DGIV has often been misdiagnosed as a bacterial infection. DGIV causes lesions on the fish that look similar to fish TB (Mycobacterium marinum). It causes 90% or more mortality in fish exposed to the iridovirus.
Ich (Ichthyophthirius multifiliis)
Ich (Ichthyophthirius multifiliis) is the most common parasite hobbyist will have to face. Ich is a microscopic parasite that you will see evidence of on the fish when it is near the end of its lifecycle. Small white dots will appear on the fish when ich is present. The ich parasite not only attacks the fins and body of the fish, but it also the gills. When the ich reaches significant numbers, it will make it difficult for the fish to respire. If not treated early, the parasite can kill all the fish in the aquarium. When observing fish in the aquarium store, be aware that not all infected fish will show spots on the body or fins, they can also be in the gills where it can go undetected.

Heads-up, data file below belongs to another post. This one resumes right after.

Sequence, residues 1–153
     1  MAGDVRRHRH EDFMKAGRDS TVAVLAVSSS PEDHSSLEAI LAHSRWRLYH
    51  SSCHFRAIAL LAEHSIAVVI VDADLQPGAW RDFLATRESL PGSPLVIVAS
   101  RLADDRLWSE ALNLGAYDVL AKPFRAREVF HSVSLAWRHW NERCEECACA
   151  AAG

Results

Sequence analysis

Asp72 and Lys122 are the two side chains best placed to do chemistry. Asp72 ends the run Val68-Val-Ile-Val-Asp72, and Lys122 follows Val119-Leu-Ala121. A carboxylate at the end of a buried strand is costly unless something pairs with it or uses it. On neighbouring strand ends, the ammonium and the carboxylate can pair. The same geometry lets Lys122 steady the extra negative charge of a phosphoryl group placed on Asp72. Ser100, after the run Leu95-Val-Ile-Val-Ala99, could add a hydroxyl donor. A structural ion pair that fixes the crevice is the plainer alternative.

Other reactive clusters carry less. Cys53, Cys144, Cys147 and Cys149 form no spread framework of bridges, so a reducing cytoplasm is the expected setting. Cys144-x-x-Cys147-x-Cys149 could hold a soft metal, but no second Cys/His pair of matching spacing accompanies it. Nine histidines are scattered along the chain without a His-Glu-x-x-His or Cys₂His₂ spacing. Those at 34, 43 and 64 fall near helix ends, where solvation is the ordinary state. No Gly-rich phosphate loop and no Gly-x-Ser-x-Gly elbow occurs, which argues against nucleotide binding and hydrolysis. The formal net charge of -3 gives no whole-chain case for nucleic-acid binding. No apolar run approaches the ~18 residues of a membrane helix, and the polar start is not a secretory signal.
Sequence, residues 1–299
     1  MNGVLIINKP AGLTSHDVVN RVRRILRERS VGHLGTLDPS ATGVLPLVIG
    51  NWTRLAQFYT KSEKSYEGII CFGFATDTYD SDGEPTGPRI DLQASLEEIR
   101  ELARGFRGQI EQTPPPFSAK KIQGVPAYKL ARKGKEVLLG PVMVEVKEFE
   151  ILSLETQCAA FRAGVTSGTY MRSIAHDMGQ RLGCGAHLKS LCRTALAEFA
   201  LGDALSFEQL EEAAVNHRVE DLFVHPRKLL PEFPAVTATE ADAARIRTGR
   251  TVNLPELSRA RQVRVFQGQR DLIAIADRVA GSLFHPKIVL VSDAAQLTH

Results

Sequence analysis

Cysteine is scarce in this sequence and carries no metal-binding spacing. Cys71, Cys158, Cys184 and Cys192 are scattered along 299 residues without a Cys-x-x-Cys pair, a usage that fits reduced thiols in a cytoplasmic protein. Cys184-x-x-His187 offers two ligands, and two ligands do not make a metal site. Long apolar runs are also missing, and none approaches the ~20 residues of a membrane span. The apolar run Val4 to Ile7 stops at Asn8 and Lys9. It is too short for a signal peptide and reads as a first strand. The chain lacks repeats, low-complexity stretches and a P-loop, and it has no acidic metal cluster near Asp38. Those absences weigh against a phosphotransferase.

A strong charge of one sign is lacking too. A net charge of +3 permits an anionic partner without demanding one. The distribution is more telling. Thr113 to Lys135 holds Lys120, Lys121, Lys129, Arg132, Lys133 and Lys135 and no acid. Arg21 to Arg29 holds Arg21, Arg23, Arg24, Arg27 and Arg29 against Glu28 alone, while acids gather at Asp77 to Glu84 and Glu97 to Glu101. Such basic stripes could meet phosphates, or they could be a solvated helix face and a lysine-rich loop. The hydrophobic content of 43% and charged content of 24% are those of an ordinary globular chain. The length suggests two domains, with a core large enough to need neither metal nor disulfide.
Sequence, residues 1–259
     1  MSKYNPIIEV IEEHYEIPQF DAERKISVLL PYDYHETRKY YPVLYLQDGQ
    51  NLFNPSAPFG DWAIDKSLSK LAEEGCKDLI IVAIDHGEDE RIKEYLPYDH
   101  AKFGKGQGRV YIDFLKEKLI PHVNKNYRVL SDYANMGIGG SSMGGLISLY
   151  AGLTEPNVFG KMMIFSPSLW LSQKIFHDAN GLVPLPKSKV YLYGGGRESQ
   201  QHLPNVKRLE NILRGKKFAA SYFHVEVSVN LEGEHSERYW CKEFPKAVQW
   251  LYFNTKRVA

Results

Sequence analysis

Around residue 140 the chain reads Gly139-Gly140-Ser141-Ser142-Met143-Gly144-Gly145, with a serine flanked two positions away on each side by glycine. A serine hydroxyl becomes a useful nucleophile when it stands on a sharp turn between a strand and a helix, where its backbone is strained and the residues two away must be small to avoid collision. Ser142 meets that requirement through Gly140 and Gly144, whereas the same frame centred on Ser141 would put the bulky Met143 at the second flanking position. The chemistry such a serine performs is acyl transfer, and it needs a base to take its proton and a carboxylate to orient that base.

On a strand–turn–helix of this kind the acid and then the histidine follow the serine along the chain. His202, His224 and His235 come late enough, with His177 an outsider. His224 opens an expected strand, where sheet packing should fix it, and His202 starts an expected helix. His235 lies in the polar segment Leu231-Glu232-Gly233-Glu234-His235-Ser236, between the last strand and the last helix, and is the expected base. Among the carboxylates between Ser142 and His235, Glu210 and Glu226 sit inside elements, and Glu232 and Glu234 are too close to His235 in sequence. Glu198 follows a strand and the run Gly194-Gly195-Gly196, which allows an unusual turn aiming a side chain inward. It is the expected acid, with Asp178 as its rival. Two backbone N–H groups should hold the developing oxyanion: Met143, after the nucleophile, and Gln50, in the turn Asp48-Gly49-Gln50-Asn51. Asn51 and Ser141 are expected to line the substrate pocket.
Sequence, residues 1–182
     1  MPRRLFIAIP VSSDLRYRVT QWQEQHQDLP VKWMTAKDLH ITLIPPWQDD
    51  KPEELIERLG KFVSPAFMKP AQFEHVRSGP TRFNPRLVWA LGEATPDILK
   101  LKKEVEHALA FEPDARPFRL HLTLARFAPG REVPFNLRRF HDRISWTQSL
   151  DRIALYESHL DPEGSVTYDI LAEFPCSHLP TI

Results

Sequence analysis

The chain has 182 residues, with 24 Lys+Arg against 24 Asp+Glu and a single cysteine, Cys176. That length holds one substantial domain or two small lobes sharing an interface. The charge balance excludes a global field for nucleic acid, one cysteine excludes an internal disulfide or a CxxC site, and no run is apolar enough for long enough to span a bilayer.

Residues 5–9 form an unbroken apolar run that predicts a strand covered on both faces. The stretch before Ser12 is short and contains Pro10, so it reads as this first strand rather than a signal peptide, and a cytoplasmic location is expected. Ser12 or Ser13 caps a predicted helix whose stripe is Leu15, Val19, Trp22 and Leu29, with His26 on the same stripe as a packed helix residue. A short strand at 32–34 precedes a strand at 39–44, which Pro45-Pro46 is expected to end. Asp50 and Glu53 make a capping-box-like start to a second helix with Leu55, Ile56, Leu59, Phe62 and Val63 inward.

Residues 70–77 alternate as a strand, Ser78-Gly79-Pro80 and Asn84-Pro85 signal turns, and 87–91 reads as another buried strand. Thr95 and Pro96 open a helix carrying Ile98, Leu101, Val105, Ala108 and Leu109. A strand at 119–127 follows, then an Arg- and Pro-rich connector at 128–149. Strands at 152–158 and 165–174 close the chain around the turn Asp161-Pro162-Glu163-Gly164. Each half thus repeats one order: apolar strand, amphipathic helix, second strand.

Ich has a lifecycle that has several stages. The stage that is visible to the hobbyist is when the parasite has matured on the fish and forms a trophont. The trophont is buried under the fish’s skin and mucus and is protected from medication that is in the water. After ich reaches maturity on the fish, it will drop off and sticks to a surface area in the aquarium. It will then break open and hundreds of tomites will then swim through the water column seeking a fish to parasitize. It is the free swimming stage that is killed by medication.